Deutsche Oper Berlin: “Salome”

Deutsche Oper Berlin – Season 2015/2016
Opera in one act. Libretto by Richard Strauss after the drama “Salomé” by Oscar Wilde translated by Hedwig Lachmann.
Music by Richard Strauss
First Nazarene NOEL BOULEY
Second Nazarene THOMAS LEHMANN
Second soldier THOMAS KEHRER
Orchester der Deutschen Oper Berlin
Conductor Alain Altinoglu 
Production Claus Guth
Stage and costumes Muriel Gerstner
Light Olaf Freese
Choreographic collaboration Sommer Ulrickson  
Berlin, 24th January 2016
Salome, Berlino 2016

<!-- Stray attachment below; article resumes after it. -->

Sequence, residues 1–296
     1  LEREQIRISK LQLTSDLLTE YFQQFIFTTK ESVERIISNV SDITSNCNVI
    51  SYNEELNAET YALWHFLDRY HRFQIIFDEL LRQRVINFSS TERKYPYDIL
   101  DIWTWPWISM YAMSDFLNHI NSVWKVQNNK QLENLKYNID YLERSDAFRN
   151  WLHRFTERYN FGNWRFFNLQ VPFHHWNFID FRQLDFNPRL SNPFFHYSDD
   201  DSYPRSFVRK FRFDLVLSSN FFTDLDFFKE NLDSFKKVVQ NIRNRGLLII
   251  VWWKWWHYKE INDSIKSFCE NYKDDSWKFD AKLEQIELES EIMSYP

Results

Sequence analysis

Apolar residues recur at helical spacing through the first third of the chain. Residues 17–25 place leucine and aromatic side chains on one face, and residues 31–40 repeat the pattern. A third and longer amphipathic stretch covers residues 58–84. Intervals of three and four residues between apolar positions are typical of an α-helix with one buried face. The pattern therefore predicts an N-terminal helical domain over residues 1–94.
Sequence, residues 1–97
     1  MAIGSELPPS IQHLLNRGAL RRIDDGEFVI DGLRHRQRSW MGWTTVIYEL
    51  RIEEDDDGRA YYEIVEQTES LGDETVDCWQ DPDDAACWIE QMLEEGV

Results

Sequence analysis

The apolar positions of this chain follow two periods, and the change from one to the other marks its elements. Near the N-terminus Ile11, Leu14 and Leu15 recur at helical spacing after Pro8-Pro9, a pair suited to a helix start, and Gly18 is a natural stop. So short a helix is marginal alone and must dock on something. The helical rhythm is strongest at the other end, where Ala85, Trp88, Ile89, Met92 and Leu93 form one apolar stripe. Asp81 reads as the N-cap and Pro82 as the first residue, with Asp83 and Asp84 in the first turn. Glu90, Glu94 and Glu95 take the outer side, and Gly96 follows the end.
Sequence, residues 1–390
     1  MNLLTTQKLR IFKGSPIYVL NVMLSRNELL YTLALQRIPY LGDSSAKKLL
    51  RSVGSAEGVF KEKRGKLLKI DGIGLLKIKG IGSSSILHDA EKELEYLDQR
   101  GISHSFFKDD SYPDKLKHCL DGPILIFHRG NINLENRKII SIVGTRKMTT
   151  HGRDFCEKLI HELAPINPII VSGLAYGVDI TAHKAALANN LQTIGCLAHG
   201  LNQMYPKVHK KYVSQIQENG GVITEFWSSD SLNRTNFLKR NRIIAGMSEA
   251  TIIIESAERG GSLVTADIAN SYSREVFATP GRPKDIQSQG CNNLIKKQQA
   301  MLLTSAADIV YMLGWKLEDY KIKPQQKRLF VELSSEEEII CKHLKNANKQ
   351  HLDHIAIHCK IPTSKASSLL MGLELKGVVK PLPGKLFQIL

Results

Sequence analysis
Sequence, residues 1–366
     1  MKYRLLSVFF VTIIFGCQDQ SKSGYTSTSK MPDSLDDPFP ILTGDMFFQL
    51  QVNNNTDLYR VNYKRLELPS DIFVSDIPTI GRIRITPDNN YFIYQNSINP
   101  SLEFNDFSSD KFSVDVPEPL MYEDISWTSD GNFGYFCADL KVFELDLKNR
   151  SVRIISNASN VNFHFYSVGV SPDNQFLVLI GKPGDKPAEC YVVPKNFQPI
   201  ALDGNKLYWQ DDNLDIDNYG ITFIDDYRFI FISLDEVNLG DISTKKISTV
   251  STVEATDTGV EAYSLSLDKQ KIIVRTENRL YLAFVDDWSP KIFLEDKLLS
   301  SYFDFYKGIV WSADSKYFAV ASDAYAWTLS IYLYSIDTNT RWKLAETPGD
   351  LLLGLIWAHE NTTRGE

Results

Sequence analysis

The once shocking combination of the Christian biblical theme, the erotic and the murderous of Salome by Richard Strauss does not pose a problem for today’s audience to accept it but opera producers to stage it. I am not talking about finding the right singer for the title role who is able to sing with the stamina and power of a Wagner heroine, act like a young girl and perform the erotic Dance of the seven veils. Nowadays every producer tries to find his own approach to the story and sometimes fails in telling it as it is. Claus Guth’s attempt is an example for that and he is likely to be in line with another two productions of Salome in Berlin over the last decade: Achim Freyer’s at the Deutsche Oper as well about 10 years ago and the cartoon-like one at the Komische Oper in 2011. Both saw a few repetitions only unlike the nearly 40 year old production by Harry Kupfer at the Deutsche Staatsoper Berlin that has meanwhile acquired cult status. Guth’s focus is obviously child abuse: Salome appears most of the time with six look-alikes who differ in age and tallness and seem to become angels standing around her when she sings the last passages of the final scene. Jochanaan turns into a copy of Herodes throughout the performance and even his head looks like Herodes’s at the end suggesting murder of the step-father. This approach may not be so far-fetched but it does not justify what takes place during the rest of the opera night. It seems to be a new story told by Guth: Herodes is a successful entrepreneur who sells made-to-measure suits, shirts and ties at a plush shop (stage and costumes by Muriel Gerstner). Apart from the suggested child abuse he lives with Herodias and Salome in a supposedly harmoniousSalome, Berlino 2016 patchwork family having dinner together at a neatly laid table. Salome’s world is limited to her stepfather’s enterprise and she starts to create a world of her own between real people and shop-window dummies. Jochanaan appears in underwear from under a heap of clothes to be dressed like her stepfather by the six Salome look-alikes. Perhaps he is just a product of her imagination, at first still a prophet with his (or Salome’s?) convictions to develop into a copy of her step-father. Like that it appears logical that Salome rips the head off a dummy for the final scene and is helped into a trench coat to leave the shop and her family at the end, possibly as an emancipated woman. The producer creates a new story line that does not have too much to do with the plot of the opera and it seems to me that he wants to provoke by that. He pulled it off indeed as he was heavily booed along with his production team in the end. The premature sexual desires and fantasies of the Princess of Judea are as missing as the religious components of the story. The Jews and Nazarenes appear as customers of the suit shop and show interest in Herodes’s step-daughter rather than the famous prophet. Whatever came from the orchestra pit on that night was more enchanting. Technically the Orchester der Deutschen Oper played very well under the baton of Alain Altinoglu who focused on a loud, rough and broad rather than differentiated erotic sound. Thus the shimmering oriental night did not take place in the music which sounded like Wagner rather than Strauss. The singers managed that in different ways. Noel Bouley and Paul Kaufmann stood out in the musically demanding scene of Jews and Nazarenes. Thomas Blondelle is Salome, Berlino 2016a vocally attractive Narraboth. His light but powerful tenor can cope very well with the orchestral floods. As a character he is reduced to robot-like movements but at least more or less visible on the dark stage at the beginning. The Page of Annika Schlicht however remains completely in the dark but is vocally convincing with her beautiful mezzo. How attractive the young singer is you can only tell from the curtain-calls. A member of the company with outstanding merit is Burkhard Ulrich and I recall his fabulous Mime. His Herodes is quite as thrilling with his good diction and as a rare representative of a Charaktertenor, he sings all top notes that often fall short when the role is sung by an elderly Heldentenor. Chapeau! Jeanne-Michèle Charbonnet is a still attractive femme fatal as Herodias in a pantsuit and with a strict hairdo but she fails vocally. Having been the Elektra in Kirsten Harms’s widely acclaimed production of the other bloodthirsty one-act opera by Strauss a couple of years ago,  you could expect a few highly dramatic moments such as a perfect coping with the climactic phrase “ich will nicht haben, dass sie tanzt!”. Quite the contrary. She does not even have any sonorous lower tones for other prominent passages. As one of the best baritones these days, Michael Volle does not have any problems with vocal power or the unpleasant tessitura of the part of Jochanaan despite the fact that he is blithely neglected as a character by the director. Diction is the weakest point with Catherine Nagelstad who adds to the reasons for surtitles. She tackles the title role as a Wagnerian soprano, which corresponds to Altinoglu’s conducting. Announced as indisposed due to a bruise of her ribs, she made a few alterations to her acting and dancing but her singing was hardly affected. I would call hers an American all-round voice. While she is able to sing every note with power and stamina and her upper and lower registers falling slightly apart, she does not leave much vocal impression. Altogether she is not a match for former great Salomes from the highly erotic Ljuba Welitsch via the passionate and glowing Inge Borkh, the gripping Christel Goltz, the archaic Birgit Nilsson, the suitably hysterical Leonie Rysanek to the girlish and neurotic Anja Silja. Photo ©Monika Rittershaus 2016